Jonathan A. Allan, Chris Haywood, and Frank G. Karioris
On the cover of this issue is an image taken from the Wellcome Collection. Titled “Dance of death: death and the pedlar”, the image shows a skeletal personification of Death picking through a basket of goods. In the basket are included masks, crosses, a deck of cards, swords, and a variety of other items. Published in the 18th Century, it is based on, and an interpretation of a piece in Basel on the Dance of Death. It is black and white and a print produced via etching a plate and using this to print the image.
I met Roxanne Harde, the guest editor of this Special Issue, at the Second International Girls Studies Association conference in 2019 when I attended the panel discussion, “Representations of Rape in Young Adult Fiction.” I recall Roxanne's passion vividly and, indeed, the enthusiasm of all three presenters as they discussed a variety of texts in superb presentations that aligned well with Ann Smith's notion of feminism in action in their seeing “a fictional text not only as a literary investigation into issues of concern to its author but also as the site of educational research” (2000: 245). Their papers pointed to the ways in which the analysis of how rape culture is treated in Young Adult (YA) literature, film, and the print media can take scholars and activists so much further into the issues, and, at the same time, noted the ways in which rape culture in all its manifestations as a global phenomenon has inevitably led to its becoming an everyday topic of YA fiction.
In 1983, Andrea Dworkin addressed the Midwest Men's Conference in Minneapolis. She discussed the rape culture in which we live, noted the similarities between rape and war, and, following the title of her talk, asked for a “24-hour truce in which there is no rape.” And she asked why men and boys are so slow to understand that women and girls “are human to precisely the degree and quality that [they] are” (n.p.). Every sexual assault begins with the dehumanization of the victim. And sometimes, after the violation, after the pain and the fear, comes the institutional dehumanization visited upon the victim who seeks medical or legal help. Two recent memoirs bring to the surface rape culture, evident in the young men who raped these girls and the systemic dehumanization they suffered when they sought justice. describes the aftermath of being sexually assaulted, when she was just out of college and still living at home, by someone she met at a fraternity party. Although the case against her rapist was as strong as possiblethere were eyewitnesses and physical evidence was collected immediatelyhe was sentenced to only six months in the county jail, and she was repeatedly shamed, her humanity denied by the judicial system. describes the aftermath of being sexually assaulted, when she was 15, by two boys, students at her New England boarding school, including an account of how school officials refused to do anything other than label her promiscuous and protect the boys. The ways in which she was silenced by St. Paul's, which disregarded her health and future, and denied her humanity because she was only a girl, were profound. In both cases, the promising future of the perpetrators was prioritized over the humanity of the girls by many institutions, including the judiciary and the press. Crawford was raped just seven years after Dworkin made her plea to that men's conference, but Miller was assaulted twenty-five years after, making perfectly clear that rape culture has become only more entrenched.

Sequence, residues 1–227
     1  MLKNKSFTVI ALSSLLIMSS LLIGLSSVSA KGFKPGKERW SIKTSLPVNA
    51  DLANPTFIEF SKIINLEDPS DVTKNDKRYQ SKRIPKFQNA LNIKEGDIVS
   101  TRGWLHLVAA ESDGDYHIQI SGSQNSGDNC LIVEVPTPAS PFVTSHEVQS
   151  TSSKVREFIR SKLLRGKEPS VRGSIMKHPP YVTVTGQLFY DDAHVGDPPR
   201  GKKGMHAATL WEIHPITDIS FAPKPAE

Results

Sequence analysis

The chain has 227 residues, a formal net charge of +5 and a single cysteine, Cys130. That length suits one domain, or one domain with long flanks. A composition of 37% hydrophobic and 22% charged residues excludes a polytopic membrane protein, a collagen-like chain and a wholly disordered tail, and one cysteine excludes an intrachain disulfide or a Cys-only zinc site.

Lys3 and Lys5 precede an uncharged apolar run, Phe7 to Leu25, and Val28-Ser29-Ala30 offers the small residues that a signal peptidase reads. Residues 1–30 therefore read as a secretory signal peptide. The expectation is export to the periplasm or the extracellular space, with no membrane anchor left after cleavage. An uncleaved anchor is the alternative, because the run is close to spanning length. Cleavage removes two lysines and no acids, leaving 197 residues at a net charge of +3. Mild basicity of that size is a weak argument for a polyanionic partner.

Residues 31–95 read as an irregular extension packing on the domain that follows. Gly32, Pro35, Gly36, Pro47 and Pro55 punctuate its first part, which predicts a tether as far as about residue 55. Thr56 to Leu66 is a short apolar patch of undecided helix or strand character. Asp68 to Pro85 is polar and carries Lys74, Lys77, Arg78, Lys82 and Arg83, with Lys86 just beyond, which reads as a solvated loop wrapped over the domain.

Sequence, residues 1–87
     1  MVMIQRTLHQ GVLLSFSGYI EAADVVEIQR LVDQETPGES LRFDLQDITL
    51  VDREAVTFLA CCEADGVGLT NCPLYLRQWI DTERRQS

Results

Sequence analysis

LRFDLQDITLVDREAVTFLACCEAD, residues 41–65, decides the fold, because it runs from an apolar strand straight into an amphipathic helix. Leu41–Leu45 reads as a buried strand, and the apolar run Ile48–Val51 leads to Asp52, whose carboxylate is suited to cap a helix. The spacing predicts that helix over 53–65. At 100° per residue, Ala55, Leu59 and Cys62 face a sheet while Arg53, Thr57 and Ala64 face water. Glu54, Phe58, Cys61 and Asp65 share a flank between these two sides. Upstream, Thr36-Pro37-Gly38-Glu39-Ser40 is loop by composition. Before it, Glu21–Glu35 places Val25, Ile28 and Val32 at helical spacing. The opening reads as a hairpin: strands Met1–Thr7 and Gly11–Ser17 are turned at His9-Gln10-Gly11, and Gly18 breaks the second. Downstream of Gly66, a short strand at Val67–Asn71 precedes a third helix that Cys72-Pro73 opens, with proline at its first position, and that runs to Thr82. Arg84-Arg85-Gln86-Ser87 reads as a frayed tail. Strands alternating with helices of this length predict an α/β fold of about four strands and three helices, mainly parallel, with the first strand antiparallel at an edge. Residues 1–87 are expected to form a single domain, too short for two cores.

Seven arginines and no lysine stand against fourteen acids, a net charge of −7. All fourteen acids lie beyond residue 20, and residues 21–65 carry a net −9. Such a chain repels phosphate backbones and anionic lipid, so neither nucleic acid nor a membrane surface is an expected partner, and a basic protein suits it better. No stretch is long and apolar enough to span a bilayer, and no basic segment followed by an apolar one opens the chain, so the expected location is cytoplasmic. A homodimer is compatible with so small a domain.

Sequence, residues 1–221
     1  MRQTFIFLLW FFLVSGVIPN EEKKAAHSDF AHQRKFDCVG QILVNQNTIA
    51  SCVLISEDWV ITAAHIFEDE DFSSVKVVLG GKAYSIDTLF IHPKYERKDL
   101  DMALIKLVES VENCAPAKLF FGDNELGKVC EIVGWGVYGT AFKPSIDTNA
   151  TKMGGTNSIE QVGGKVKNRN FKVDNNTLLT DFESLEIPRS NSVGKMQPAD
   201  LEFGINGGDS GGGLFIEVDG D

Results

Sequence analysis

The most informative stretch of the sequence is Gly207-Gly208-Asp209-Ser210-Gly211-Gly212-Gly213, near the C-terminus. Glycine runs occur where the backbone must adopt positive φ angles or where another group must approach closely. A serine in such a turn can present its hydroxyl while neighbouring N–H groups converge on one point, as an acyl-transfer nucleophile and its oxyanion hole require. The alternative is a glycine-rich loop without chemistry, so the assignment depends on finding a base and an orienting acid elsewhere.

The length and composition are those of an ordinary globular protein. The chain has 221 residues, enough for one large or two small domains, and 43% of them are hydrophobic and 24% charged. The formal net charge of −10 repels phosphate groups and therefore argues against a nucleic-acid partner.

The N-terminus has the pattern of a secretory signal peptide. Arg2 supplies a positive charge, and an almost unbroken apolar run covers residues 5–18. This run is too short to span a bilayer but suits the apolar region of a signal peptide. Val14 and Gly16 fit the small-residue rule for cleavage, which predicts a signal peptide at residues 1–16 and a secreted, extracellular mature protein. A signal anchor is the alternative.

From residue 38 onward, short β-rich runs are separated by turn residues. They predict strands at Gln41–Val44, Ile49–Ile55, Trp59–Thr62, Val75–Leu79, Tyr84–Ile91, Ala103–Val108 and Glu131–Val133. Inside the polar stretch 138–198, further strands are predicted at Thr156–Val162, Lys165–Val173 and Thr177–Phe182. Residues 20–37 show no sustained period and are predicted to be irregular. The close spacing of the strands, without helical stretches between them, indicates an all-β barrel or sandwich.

On a 1st Anniversary
Jonathan A. Allan, Chris Haywood, and Frank G. Karioris
Nota bene: This introduction was written near the end of 2020, a year that saw the world struggle with COVID-19. These issues make up the primary body of the below text. Yet, as we moved into the new year, perhaps thankful that 2020 had come to a close, on 6 January, and before the introduction was sent to publication, the US Capitol building in Washington, DC, was laid siege by far right extremists, White supremacists, and supporters seeking to stop the confirmation of the election of Joseph Biden. I [Frank] am reminded of a similar note I wrote in an article for the Sexual Violence Research Initiative's “16 Days of Activism” series in early December: “We write this post amidst political protests that have shaken Kyrgyzstan, with the recent election results being annulled. We send our thoughts for those working to ensure a fair, democratic, and transparent government; and hope for a speedabsy resolution to these issues” (Kim and Karioris 2020). In a similar sense, with the events still etched in our minds and processes just beginning to begin (arrests, an impeachment, etc.) and the inauguration still to come, we include this short note affirming our commitment to democratic principles, challenging violent masculinity, and supporting antiracist activism.